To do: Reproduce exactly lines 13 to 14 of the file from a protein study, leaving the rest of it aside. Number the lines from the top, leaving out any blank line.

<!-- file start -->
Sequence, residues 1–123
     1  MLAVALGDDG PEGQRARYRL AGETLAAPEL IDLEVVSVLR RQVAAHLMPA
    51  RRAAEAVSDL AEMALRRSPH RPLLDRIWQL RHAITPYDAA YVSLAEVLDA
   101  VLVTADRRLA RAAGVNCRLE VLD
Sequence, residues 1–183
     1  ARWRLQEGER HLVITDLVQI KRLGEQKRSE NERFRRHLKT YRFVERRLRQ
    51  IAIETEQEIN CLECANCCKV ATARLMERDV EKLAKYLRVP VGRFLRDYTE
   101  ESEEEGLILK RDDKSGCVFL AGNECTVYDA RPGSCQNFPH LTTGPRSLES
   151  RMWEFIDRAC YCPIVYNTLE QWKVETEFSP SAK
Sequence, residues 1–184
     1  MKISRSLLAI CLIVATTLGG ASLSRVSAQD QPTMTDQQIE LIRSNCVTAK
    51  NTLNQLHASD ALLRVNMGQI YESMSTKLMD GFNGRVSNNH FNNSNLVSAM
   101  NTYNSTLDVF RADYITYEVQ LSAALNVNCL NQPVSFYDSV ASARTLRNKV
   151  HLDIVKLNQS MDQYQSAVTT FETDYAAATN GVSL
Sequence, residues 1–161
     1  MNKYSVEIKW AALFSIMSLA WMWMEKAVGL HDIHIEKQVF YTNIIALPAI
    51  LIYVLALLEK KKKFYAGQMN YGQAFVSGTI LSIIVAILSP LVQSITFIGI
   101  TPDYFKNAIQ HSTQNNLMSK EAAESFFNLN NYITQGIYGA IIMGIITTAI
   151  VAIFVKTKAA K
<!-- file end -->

   101  NTYNSTLDVF RADYITYEVQ LSAALNVNCL NQPVSFYDSV ASARTLRNKV
   151  HLDIVKLNQS MDQYQSAVTT FETDYAAATN GVSL